Doctor insights on:
Topical Anesthetic Allergy
Numb skin: Administration of topical anesthetics to control pain associated with procedures such as laceration repair may avoid the need for infiltrative local anesthesia injections and associated pain from the injections. Topical anesthesia also avoids the risk of wound margin distortion that exists with infiltrative injection administration. Many dosage forms exist (gels, sprays, creams, ointments, patch). ...Read more
Allergies occur when your immune system is triggered by envirionmental factors it should ignore--for example, pollen in the air, or dander on a cat or dog--and creates cells to fight against them. An allergic reaction typically causes itching, congestion, or drainage, and ...Read more
Anesthetics: Any pharmacy or supermarket sells different formulations of local anesthetics. ...Read more
Not best idea.: Aloe vera) can v redness, pain, itching ; swelling from burns. It has anesthetic, anti-inflammatory, antibacterial ; antifungal qualities. It speeds burn healing by stimulating new skin growth. V pain by placing cool, moist compresses on skin. Nsaid's ; Acetaminophen can help. Benadryl (diphenhydramine) can be used for itching. Hydrate well ; don't peel off deep layers. See dr for severe burns. ...Read more
What's the difference between topical aneshtetic creams like benzocaine, lidocaine, prilocaine, and xylocaine?
Similar: All of these are topical anesthetics, meaning that they can be applied directly to skin or mucous membranes to treat minor pain such as teething or scrapes, or itching from poison ivy or insect bites. Xylocaine is the same thing as lidocaine. All can be toxic if used in excessive doses. Special care must be taken if any of these are used for small children. Some types are by prescription only. ...Read more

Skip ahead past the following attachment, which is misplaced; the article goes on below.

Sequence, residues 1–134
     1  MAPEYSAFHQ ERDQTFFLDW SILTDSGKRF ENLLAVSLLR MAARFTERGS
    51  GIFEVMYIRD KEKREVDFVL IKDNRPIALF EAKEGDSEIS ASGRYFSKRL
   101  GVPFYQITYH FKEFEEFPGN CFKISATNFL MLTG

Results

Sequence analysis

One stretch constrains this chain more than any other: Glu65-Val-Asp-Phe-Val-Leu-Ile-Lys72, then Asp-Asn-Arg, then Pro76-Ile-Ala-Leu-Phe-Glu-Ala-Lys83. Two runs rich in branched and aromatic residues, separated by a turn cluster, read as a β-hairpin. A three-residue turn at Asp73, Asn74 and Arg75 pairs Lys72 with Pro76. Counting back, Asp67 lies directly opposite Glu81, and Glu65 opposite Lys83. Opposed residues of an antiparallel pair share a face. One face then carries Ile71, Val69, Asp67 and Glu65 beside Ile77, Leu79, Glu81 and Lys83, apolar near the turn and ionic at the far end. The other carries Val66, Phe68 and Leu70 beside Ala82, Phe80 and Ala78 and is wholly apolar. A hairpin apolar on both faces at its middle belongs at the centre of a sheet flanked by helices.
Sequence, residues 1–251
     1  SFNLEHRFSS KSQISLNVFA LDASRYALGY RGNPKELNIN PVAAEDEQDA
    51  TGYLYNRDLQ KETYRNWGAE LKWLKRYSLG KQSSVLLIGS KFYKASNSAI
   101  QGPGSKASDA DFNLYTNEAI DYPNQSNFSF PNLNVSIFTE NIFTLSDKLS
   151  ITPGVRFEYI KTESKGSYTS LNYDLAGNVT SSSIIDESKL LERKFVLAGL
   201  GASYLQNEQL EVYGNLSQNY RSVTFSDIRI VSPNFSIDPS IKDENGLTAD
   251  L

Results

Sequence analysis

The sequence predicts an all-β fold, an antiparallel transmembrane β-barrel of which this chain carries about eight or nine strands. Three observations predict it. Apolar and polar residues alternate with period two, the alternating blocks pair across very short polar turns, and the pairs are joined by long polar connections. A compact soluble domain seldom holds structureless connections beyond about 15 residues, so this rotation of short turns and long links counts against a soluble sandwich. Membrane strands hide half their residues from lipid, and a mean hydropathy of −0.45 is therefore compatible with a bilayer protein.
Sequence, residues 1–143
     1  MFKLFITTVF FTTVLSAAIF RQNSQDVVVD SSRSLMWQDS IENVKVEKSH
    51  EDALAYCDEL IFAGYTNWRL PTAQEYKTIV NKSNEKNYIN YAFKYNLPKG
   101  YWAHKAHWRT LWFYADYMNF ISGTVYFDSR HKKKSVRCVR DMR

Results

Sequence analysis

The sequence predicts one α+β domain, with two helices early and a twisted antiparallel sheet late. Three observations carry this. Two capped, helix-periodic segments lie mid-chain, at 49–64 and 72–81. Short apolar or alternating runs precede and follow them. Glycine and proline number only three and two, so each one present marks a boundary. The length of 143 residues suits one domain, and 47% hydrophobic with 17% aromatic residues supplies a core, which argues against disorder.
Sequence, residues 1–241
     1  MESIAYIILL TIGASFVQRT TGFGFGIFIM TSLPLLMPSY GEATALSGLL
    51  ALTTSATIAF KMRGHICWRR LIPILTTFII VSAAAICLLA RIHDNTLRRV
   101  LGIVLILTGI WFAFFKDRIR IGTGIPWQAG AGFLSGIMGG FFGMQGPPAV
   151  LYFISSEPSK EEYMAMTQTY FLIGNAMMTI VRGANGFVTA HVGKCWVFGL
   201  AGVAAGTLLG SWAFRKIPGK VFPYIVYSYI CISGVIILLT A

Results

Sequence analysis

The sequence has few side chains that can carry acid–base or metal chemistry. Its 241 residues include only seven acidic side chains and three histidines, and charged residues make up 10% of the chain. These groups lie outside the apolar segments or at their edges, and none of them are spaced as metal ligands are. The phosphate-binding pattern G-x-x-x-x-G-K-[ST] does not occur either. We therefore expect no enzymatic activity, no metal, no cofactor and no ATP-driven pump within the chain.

Potentially.: Applying a strong steroid cream for too long on thin skin (face, groin, underarms, etc.) will eventually cause thinning of the skin (atrophy) and eventually stretch marks (striae). That's why dermatologists cringe when they see strong steroids prescribed for areas that are too sensitive to handle them properly. Strong creams should be used only on thick skin for a couple of weeks at most. ...Read moreSee 1 more doctor answer
Topical pain relieve: It is a topical pain reliever used for mouth sores like canker sores and cold sores. ...Read more
Sure: Give it a try and see how much it helps. ...Read more
Can topical steroid be used since oral antihistamine n calamine fail to relieve itch of chickenpox?
I have acne and topical creams don't work. I also have a history of eczema and allergies. How do I get rid of my acne?
Other options: Have you tried all the prescription topicals? Or the combination of benzoyl peroxide and a prescription topical cream or gel? There are also oral and topical antibiotics and Accutane as a last resort. You may also consider laser therapy and/or chemical facial treatments if none of the other medications work. For your eczema you should try a noncomedogenic moisturizer 1-2 times a day. ...Read moreSee 1 more doctor answer
Usually yes: It should be applied carefully and all instructions followed. It won't numb all the pain. ...Read more
Atrophy, striae: Applying a strong steroid cream for too long on thin skin (face, groin, underarms, etc.) will eventually cause thinning of the skin (atrophy) and eventually stretch marks (striae). That's why dermatologists cringe when they see strong steroids prescribed for areas that are too sensitive to handle them properly. Strong creams should be used only on thick skin for a couple of weeks at most. ...Read more
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